When actor Annabelle Gurwitch was fired from an off-Broadway play by her hero, Woody Allen, she was devastated. Eating ice cream and drinking whiskey didn't help; she needed something else to pull her out of her funk. Talking to people around her - actors, comedians, even her gynecologist - she found that almost everyone had a story about getting the axe.
First, in a series of public performances, then in a book, and finally in a documentary, the Fired! stories have taken on a life of their own.
Gurwitch's advice is to talk to other people. She says 99 per cent of them will have a fired story of their own. To share yours, reach her at www.firedbyannabellegurwitch.com. Or show up at the Royal (see Indie & Rep Cinema listings, page 75), where Gurwitch will be appearing Friday (January 12) with Elvira Kurt, Scott Thompson and others to share her canned tales.
Let's start with the obvious. Was this play the first time you'd ever been fired?
Oh god, no. In this case it was the iconic-ness of Woody Allen - how much I worshipped him and how much he disliked me - that was so incredibly crushing.
Being fired is just a way of life in show business, which is why I felt like people in other fields could be inspired by the incredible resiliency of people in the entertainment industry.
How did your friends react when you asked to publicize their humiliation?
Oh my god, I had a backlog. These stories are so much fun, and I don't think anyone had ever really asked before. People were dying to do it.
The film focuses a lot more than the book on people outside the entertainment industry. When did you decide to include their stories?
It started with me asking people to perform live in these shows. The first night, audience members came up to me and asked, "Do you take stories from Wall Street? My boss is a turd." And then in the film, I really wanted to go beyond my community and talk to people who work in other industries and see what effect the downsizing I'd been reading about was having on them.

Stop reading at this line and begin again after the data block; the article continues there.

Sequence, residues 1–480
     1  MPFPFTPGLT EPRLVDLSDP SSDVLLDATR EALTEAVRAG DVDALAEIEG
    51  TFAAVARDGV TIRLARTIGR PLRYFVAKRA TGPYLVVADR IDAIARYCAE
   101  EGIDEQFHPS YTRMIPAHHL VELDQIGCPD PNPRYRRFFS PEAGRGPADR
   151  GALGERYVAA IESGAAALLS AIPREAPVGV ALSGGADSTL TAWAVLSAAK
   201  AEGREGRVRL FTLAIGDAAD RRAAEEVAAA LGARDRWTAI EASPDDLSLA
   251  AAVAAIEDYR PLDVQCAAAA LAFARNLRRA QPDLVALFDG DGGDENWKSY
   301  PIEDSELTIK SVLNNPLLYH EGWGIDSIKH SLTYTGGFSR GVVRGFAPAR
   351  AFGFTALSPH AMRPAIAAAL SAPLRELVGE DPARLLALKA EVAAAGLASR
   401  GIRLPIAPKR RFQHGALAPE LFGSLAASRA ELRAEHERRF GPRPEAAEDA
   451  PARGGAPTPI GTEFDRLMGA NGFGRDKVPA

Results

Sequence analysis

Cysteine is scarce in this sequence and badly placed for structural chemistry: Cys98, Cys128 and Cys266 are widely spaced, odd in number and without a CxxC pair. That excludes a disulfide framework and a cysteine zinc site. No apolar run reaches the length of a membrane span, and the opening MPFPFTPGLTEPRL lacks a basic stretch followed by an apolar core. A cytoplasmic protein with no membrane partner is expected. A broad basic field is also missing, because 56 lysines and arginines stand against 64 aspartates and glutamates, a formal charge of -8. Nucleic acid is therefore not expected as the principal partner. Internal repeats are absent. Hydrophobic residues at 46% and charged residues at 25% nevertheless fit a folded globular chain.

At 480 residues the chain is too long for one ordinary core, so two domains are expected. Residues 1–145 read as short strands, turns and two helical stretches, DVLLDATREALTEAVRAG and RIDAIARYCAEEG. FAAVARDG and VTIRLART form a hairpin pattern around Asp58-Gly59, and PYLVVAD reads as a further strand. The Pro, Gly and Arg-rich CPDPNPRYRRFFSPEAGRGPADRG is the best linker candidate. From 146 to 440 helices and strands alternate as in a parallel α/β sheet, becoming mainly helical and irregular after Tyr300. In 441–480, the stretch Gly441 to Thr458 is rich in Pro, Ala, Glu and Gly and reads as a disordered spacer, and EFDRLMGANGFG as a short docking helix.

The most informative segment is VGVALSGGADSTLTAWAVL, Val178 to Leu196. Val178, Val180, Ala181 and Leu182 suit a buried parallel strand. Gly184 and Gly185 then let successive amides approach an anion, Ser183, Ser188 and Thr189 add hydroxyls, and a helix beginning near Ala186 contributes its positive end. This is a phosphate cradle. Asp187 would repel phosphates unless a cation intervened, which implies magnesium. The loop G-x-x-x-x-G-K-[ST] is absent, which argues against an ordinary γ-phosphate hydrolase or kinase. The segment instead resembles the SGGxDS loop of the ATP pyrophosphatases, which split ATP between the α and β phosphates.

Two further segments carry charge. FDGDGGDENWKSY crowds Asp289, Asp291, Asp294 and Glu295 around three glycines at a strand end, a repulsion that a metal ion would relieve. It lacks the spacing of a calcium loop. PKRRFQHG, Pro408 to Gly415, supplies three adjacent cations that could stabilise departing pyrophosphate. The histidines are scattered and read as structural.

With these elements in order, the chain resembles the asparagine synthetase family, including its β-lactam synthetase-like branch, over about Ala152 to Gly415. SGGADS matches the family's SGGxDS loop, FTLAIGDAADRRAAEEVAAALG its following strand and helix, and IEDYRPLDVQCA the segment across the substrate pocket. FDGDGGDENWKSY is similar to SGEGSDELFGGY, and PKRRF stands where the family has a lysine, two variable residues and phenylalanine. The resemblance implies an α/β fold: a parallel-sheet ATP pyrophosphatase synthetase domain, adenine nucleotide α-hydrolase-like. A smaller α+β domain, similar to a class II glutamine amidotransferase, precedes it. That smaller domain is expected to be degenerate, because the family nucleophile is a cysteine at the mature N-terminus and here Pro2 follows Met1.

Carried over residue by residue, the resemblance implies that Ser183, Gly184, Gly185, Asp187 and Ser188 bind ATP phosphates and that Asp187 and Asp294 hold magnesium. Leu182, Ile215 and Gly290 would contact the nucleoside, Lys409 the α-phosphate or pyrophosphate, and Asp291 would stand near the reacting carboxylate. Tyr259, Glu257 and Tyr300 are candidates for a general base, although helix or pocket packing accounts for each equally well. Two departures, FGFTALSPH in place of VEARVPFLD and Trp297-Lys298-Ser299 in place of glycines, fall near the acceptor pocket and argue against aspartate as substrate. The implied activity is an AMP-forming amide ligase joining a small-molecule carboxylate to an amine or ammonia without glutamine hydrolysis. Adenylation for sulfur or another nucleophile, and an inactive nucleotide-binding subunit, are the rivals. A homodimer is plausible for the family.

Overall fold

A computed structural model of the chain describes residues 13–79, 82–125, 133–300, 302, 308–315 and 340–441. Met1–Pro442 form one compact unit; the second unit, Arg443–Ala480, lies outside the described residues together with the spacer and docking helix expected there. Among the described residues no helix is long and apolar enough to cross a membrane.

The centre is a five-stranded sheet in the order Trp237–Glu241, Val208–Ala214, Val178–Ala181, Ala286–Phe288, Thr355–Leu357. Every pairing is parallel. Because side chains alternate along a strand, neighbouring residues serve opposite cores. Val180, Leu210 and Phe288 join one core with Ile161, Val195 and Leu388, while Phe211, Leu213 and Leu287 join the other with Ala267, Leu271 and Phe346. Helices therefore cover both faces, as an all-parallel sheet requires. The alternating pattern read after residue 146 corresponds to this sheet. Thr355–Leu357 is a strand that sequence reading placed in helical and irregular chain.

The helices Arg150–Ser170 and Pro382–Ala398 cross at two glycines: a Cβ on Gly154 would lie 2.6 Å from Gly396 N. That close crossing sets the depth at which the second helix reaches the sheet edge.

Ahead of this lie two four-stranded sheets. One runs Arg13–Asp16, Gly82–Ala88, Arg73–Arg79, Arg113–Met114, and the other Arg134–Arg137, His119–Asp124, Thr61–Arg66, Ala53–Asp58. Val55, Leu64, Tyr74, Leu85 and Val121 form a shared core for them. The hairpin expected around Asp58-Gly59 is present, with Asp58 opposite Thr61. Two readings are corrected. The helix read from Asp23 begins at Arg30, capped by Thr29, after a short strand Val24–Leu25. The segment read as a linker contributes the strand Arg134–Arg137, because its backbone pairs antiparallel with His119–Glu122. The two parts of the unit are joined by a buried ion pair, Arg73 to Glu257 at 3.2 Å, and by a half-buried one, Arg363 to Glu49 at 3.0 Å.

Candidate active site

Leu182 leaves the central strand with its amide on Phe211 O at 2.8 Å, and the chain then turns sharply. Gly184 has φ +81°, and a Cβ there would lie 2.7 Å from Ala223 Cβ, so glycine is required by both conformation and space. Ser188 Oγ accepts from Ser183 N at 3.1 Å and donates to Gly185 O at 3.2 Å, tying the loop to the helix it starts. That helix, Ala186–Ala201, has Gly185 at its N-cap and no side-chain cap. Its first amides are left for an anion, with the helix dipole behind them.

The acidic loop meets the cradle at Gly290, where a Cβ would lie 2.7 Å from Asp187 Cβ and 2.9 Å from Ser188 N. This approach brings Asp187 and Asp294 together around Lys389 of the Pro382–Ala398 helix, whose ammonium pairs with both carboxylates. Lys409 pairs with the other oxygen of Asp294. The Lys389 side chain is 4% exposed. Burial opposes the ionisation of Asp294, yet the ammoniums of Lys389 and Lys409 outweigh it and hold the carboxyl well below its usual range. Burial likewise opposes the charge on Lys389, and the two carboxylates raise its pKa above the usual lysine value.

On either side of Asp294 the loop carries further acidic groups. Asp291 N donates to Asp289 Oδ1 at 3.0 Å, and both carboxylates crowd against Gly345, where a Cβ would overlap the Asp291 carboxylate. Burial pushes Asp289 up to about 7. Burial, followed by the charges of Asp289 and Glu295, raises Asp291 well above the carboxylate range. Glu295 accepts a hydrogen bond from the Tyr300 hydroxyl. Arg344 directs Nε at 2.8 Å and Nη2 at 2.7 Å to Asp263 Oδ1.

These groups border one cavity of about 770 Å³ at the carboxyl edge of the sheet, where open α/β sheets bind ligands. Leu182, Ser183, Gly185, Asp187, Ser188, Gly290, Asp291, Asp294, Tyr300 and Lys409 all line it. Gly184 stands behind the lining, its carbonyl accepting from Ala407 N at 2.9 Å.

Michael Moore covered some of this territory in Downsize This! 10 years ago. What's changed since then?
Things have gotten much worse because of the laws that allow companies to declare bankruptcy and then reorganize and jettison their pension and health plans. So much of what's going on in our country has to do with what are called "legacy costs" - pension and health care.
I was surprised to see Ben Stein getting indignant about the bankruptcy issue, because he's a pretty conservative guy.
That just shows that there's a realization on everyone's part that something isn't right in our system.
I read somewhere that you now keep chocolate with you at all times.
You know who told me that? Former labour secretary Robert Reich. When the former labour secretary of the United States tells you to keep chocolate in your pocket in case you get fired, I think that's good advice.